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Advice for cow manure?

 
Kevin MacBearach
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Location: Beavercreek, Oregon
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I have two good sized dairy cows so I'm getting lots of manure. I know that cow manure needs to be treated a little different than say horse, which will break down easier. My first cow manure compost pile turned into a soggy mess. Now I'm going to add more dry material and hope for the best.

Does anyone use cow as their primary ingredient in their compost? What's the best way to utilize this stuff?
 
S Bengi
Posts: 1356
Location: Massachusetts, Zone:6/7, AHS:4, Rainfall:48in even distribution
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Two words: Composting worms.

Cow pie are their "native" habitat. They will eat up to their weight each and every day, turning it into awesome compost. They cost about $20/lbs and each pound contains about 1000 worms. They double every 3 months, so if you started with 3lbs, 3m=6lbs, 6m=12lbs, 9m=24lbs, 12m=48lbs, 15m=96lbs, 18month would equal almost 200lbs of worms with them going thru at least 100lbs of cow pie a day can your cows keep up.
 
Kevin MacBearach
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Location: Beavercreek, Oregon
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Interesting. So you say using red wigglers with cow manure is the way to go? So a cold compost rather than having it heat up? That would be great and a lot less work. Is this something specific to cow manure, using worms rather than a hot compost? What would be the best kind of container for doing this?
 
Sam Boisseau
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Location: PNW, British Columbia
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Vermicompost is a neat idea, but otherwise I've had no issue composting cow manure. I've lived on a farm that uses cow manure as its primary compost ingredient. Great stuff.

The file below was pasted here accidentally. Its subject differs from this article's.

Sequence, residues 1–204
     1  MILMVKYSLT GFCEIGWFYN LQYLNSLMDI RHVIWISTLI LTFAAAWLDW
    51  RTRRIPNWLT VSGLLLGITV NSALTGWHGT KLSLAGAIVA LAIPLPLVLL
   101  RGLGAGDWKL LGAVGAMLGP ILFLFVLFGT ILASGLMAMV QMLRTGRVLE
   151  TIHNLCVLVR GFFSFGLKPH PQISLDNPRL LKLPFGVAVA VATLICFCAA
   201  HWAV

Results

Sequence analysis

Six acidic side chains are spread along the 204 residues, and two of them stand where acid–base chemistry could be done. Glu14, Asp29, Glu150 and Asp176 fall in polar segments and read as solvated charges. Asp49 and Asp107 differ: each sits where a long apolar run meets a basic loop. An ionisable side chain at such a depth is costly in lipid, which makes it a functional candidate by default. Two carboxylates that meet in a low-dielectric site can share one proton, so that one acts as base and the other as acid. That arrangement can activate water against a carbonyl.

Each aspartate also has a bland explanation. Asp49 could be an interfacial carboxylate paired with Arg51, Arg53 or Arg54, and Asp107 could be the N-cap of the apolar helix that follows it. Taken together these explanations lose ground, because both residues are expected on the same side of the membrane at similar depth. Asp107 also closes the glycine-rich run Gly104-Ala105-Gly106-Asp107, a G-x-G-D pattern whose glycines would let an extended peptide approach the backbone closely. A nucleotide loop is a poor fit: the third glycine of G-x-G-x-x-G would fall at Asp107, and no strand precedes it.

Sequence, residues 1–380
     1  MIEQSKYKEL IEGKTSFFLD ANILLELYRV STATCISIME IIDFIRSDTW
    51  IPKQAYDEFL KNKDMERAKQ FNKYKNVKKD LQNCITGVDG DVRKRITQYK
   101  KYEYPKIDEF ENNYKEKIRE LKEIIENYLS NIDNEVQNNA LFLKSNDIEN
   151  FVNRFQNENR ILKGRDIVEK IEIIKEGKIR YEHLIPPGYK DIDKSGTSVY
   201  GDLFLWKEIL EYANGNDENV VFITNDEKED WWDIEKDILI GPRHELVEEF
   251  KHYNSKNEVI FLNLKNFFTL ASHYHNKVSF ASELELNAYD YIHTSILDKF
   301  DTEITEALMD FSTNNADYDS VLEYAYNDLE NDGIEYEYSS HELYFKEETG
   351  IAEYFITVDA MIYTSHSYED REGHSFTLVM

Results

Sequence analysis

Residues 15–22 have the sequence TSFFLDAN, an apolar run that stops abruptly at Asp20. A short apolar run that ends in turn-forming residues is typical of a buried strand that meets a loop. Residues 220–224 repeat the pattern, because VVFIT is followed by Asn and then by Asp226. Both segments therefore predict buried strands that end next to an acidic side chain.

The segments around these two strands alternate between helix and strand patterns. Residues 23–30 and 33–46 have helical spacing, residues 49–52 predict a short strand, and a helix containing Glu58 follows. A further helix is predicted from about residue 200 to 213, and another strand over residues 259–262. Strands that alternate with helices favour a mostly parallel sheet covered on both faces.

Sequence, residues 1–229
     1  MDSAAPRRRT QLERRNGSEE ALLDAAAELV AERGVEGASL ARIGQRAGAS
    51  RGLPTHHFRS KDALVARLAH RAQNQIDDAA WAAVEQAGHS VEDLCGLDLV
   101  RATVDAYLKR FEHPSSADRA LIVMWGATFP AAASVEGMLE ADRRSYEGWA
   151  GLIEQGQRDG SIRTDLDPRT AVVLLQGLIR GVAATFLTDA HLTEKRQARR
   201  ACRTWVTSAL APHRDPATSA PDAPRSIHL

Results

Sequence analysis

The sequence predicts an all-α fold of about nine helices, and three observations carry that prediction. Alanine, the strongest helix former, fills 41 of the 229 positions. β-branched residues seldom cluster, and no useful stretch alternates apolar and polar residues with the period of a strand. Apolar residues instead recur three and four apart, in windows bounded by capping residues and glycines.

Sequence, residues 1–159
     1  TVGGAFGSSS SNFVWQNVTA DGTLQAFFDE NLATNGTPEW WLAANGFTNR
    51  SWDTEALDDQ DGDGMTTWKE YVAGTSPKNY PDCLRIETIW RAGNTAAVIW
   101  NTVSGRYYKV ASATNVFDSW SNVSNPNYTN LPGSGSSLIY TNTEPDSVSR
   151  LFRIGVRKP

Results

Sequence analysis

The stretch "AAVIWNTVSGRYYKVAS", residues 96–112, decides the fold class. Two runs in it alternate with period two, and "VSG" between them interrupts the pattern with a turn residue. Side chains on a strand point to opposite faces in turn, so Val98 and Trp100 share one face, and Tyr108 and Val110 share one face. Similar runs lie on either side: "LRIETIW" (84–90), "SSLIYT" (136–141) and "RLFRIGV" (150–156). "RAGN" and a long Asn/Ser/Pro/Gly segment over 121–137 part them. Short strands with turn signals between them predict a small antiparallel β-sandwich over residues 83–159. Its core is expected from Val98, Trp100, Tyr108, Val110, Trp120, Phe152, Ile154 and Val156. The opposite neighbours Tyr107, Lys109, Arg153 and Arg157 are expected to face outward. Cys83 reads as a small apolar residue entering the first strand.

Of course you would need to use enough carbon materials, make a big enough pile (aim for 1 cubic meter), keep it moist but not too wet... Anything you would do with a regular compost pile.

Cow manure isn't a problem ingredient.
 
Sam Boisseau
Posts: 155
Location: PNW, British Columbia
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I'll add more stuff here...


Basically on that farm we had a barn with a deep litter of wood chips and other high carbon material. You end up with a mix of carbon and manure and hay. So by the time it leaves the barn there's already a bit of composting action that has happened. But we would also take fresh pies from there.


With that stuff we would make instant 2-3 cubic meter piles. Or progressive 1 cubic meter piles, 1 wheelbarrow a week added to them. Mix in other ingredients if you have some. Cover with black plastic. Wait for about 10 months.

Worked fine.

Or you can just use whatever composting technique you subscribe to. geoff lawton teaches the Berkeley method. Lots of turning but much faster.


I think you just need to add more carbon. And make big enough piles. Maybe put some small branches at the bottom of the pile.


 
Kevin MacBearach
Posts: 213
Location: Beavercreek, Oregon
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Other than my small wood chipper, which takes forever to make a small amount of chips, my only other source of carbon would be chopped up green twigs and leaves. Wouldn't be as much surface area but it's all I could come up with. Would that work?
 
R Scott
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Location: Kansas Zone 6a
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Kevin MacBearach wrote:Other than my small wood chipper, which takes forever to make a small amount of chips, my only other source of carbon would be chopped up green twigs and leaves. Wouldn't be as much surface area but it's all I could come up with. Would that work?


Yes, just takes longer to break down. But look around.

Is there a sawmill or cabinet shop nearby? I can get all the sawdust I want from a nearby sawmill (and small scrap for hugelbeds).

In the fall, gather leaves from anyone. Most that know you garden would be glad to share the leaves. Pile them and keep them dry until you can add the manure and make proper compost mix.

I used to buy bad hay. hay and straw that got rained on so it wasn't good feed is still for compost. I paid the farmer the cost of baling and he was happy to get rid of it breaking even.
 
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